Height: 13 - 15 inches, Weight: 18 - 30 poundsMinor concerns:
Glaucoma, EpilepsyAverage Size of Female:
Height: 13 - 15 inches, Weight: 18 - 30 poundsLife span:
12 - 15 yearsOccasionally seen:
Deafness, hemophilia A, cataractsMajor concerns:
Intervertebral disc disease, CHDSuggested tests:
It is believed that the name "beagle" is derived from a French word that means "open throat," and which may reference the distinctive bay of the beagle. Others suggest that "beagle" comes from the Old English or Celtic word meaning "small." The actual name "beagle" was used beginning in 1475, and beginning with the 16th century, "beagle" was used many times in writings. The origin of the beagle breed, however, is not well documented. History suggests that the basis of the breed may have come from the pack hounds used in England before Roman times. Some experts suggest that the beagle was derived from crossing the Harrier with other English hounds. Whatever the true origination, the beagle was used extensively by hunters, who were able to follow these dogs on foot. In some cases, they would even carry the dogs in their pockets, if necessary. This breed came in several different sizes by the 19th century, but the "pocket-size" dogs - usually measuring just 9 inches - were the most popular at the time. It was in 1642 that the beagle was first mentioned in America. The American version of the breed was found in the South before the Civil War, but it is said that it didn't look very much like the English version. These "beagles" were likely more related to a straight-legged basset hound or Dachshund. It was after the war that English beagles were imported into America, and these dogs were the basis for today's version of the American beagle. The National Beagle Club was formed in 1888, and eventually classes were developed to categorize the dogs by size: under 13 inches and 13 - 15 inches. The beagle has continued to be a very popular breed in the United States, especially as a family pet. It is interesting and disturbing to note that because of their fairly small, uniform size, beagles are often used for medical experimentation.
The straight front legs of the beagle have plenty of bone, and they are proportionately sized to the dog. The close, round feet have full, hard pads. The hips and thighs of this breed are quite strong and well-muscled, which enable the dog to have an abundance of power. The large eyes are usually brown or hazel in color, and they offer a gentle, pleading expression. The long, broad ears are fine in texture, rounded at the tip, and are set quite low. The medium-length muzzle is square and straight, featuring level jaws. The neck is medium in length and blends nicely into clean, sloping shoulders. The tail has a slight curve and is carried merrily when the dog is in action. The close coat is hard to the touch and medium in length. It comes in any true hound color.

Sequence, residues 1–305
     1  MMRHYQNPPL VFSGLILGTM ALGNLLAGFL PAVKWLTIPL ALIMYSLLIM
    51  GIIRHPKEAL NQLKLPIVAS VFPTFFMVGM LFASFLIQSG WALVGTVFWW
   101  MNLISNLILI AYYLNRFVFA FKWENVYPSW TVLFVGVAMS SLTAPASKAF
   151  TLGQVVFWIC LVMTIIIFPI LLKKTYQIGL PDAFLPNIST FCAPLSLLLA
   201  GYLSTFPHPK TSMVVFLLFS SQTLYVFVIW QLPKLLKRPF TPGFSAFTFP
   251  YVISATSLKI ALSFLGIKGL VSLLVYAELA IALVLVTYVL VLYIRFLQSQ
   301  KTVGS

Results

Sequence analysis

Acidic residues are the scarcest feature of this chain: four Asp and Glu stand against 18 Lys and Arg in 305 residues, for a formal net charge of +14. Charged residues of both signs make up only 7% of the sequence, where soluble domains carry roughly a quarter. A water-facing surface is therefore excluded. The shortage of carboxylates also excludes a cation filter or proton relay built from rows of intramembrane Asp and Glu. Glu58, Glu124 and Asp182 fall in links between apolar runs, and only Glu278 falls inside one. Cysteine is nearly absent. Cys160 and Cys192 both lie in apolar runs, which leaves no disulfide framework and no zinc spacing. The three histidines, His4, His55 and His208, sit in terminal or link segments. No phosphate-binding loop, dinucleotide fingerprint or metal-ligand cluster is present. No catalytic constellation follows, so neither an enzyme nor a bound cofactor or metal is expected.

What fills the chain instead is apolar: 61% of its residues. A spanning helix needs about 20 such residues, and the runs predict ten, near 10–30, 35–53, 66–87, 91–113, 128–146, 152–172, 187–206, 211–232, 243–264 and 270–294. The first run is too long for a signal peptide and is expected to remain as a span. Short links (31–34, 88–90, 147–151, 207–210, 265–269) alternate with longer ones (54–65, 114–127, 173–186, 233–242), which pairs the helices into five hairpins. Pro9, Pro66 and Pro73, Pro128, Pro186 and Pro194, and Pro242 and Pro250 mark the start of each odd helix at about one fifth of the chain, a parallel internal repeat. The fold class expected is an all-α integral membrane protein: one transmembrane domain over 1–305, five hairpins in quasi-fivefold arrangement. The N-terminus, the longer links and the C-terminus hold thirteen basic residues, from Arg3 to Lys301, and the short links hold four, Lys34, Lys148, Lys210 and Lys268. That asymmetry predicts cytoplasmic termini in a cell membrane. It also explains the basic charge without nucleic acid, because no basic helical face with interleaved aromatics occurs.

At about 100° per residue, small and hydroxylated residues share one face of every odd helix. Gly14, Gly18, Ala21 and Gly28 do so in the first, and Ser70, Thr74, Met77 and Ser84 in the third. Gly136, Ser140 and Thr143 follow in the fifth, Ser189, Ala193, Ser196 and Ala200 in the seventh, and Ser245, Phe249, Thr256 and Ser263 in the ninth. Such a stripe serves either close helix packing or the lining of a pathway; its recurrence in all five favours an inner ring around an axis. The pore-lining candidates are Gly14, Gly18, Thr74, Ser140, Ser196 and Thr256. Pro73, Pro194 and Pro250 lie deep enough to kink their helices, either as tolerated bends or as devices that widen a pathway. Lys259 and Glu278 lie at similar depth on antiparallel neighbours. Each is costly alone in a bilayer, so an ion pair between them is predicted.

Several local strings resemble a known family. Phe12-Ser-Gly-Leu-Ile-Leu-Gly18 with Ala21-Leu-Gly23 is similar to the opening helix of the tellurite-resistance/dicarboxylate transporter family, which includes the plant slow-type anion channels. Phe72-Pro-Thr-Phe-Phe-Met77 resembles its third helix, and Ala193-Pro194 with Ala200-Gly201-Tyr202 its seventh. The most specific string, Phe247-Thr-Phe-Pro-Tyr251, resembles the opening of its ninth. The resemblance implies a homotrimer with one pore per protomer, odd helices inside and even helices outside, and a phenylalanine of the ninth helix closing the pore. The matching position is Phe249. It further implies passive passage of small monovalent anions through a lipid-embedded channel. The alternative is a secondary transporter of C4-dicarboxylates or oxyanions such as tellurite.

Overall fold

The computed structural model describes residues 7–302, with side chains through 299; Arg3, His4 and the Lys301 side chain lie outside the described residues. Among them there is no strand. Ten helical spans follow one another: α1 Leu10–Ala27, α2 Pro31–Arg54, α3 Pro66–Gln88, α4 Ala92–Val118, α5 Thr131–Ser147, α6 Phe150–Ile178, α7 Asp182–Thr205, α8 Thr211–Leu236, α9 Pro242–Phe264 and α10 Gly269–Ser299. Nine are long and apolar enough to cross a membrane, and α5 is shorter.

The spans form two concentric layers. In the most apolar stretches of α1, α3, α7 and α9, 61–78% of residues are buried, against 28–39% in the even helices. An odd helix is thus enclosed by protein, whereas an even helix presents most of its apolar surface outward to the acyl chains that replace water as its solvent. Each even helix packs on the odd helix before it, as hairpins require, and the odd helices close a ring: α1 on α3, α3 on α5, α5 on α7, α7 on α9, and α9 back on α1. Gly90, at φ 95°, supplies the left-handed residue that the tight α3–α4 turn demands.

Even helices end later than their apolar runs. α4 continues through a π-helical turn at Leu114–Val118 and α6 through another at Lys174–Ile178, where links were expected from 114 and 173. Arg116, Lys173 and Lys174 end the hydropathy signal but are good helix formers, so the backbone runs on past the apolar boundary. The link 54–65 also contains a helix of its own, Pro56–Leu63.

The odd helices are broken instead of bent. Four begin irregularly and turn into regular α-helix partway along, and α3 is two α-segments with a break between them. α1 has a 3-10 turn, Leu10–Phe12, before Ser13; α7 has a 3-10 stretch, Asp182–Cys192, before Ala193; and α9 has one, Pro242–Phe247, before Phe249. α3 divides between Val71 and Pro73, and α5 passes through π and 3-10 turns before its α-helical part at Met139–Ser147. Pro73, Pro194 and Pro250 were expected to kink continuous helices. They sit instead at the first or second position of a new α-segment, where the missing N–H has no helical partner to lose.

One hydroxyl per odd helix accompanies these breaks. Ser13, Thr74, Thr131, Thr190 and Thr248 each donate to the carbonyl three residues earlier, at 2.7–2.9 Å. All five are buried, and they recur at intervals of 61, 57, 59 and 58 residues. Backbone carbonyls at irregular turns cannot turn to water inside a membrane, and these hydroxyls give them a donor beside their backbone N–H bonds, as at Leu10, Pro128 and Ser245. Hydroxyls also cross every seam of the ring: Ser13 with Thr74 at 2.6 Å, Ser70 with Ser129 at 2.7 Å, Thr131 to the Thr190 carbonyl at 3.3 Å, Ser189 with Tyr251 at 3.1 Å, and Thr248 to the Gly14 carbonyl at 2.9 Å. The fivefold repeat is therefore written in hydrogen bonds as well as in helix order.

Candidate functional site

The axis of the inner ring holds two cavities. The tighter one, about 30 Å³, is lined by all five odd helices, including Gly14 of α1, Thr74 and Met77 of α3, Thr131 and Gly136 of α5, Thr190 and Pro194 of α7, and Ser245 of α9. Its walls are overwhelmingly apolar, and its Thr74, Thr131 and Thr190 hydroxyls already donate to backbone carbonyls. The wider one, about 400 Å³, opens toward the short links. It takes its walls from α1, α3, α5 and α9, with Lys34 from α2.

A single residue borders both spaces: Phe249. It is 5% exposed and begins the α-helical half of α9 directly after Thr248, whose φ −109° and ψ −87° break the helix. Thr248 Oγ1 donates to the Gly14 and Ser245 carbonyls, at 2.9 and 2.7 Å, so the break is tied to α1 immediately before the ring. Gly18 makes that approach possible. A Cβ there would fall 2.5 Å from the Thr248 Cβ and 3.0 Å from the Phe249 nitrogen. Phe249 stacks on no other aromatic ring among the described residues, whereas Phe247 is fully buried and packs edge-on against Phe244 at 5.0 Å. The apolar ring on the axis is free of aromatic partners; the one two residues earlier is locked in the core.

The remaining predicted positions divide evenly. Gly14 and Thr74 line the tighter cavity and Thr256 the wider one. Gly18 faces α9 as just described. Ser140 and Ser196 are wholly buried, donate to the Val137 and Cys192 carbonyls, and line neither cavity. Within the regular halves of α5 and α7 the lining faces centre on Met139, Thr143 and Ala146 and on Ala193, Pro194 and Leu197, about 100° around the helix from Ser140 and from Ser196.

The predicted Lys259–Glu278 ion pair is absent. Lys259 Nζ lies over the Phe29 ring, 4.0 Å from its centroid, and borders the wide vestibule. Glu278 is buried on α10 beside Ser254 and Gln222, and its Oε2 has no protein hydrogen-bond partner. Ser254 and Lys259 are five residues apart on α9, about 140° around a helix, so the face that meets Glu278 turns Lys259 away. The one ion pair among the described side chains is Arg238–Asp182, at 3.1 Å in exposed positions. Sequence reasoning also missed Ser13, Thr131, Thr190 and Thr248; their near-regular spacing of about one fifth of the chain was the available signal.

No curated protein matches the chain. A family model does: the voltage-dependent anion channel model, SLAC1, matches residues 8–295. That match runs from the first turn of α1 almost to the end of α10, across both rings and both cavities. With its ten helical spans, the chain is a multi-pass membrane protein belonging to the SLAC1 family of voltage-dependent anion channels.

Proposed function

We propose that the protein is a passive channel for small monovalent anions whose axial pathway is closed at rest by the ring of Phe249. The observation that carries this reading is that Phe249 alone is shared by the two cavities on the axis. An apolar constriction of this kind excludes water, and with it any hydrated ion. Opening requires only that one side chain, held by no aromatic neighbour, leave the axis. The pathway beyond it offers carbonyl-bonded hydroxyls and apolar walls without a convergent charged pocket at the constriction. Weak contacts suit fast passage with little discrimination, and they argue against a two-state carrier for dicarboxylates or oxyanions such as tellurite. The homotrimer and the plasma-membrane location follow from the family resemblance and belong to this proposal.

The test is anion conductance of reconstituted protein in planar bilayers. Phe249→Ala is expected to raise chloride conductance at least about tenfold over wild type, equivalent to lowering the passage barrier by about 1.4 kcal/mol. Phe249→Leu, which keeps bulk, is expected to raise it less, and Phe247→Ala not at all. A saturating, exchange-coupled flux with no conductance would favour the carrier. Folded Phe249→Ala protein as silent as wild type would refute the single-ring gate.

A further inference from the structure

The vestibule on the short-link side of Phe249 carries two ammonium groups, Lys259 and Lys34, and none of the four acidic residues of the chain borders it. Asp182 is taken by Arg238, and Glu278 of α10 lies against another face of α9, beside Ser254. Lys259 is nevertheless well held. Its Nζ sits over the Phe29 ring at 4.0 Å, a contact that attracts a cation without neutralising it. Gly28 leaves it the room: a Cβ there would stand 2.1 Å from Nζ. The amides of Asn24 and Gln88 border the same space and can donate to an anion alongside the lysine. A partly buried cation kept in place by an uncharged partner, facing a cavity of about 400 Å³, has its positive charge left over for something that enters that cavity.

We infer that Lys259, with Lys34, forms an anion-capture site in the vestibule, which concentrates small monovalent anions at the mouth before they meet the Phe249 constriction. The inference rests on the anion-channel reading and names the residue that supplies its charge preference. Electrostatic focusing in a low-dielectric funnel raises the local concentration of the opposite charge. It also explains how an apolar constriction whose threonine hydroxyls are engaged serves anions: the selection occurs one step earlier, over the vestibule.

Considered to be one of the friendliest breeds in the hound group, the beagle loves and needs to have companionship from humans or other dogs because of its history as a pack hunter. This breed truly enjoys exploring the great outdoors, and it is known for its exemplary trailing abilities. If provided with sufficient exercise, the beagle can be a wonderful house dog. It is particularly good with children because of its gentle, tolerant nature, and it always enjoys a good game. It is also quite good with other dogs, but be watchful if there are other household pets, such as cats. Socialization from an early age can help to prevent possible problems with non-canine pets. The beagle is considered to be quite an independent dog. If it gets even a hint of a trail, it may run off. Be advised that this dog is prone to barking and howling.
The short, smooth coat of the beagle is quite easy to maintain. Simply brush the coat on a regular basis with a firm bristle brush. Bathing should only be done when necessary, and be sure to use a mild soap. Check the ears carefully on a regular basis for signs of infection, and be sure to keep the nails trimmed. This breed is considered to be an average shedder. As with many breeds, the beagle should be provided with exercise on a daily basis, which can consist of a long walk on a leash or play time in a safe, fenced-in area. This breed will do fine if living in an apartment as long as it gets the opportunity to spend time out of doors on a daily basis. The beagle is usually quite active when inside, so a small yard is normally sufficient. Be sure to always use a leash when out walking with a beagle to prevent it from running off in search of a trail. Most beagles respond to basic obedience training.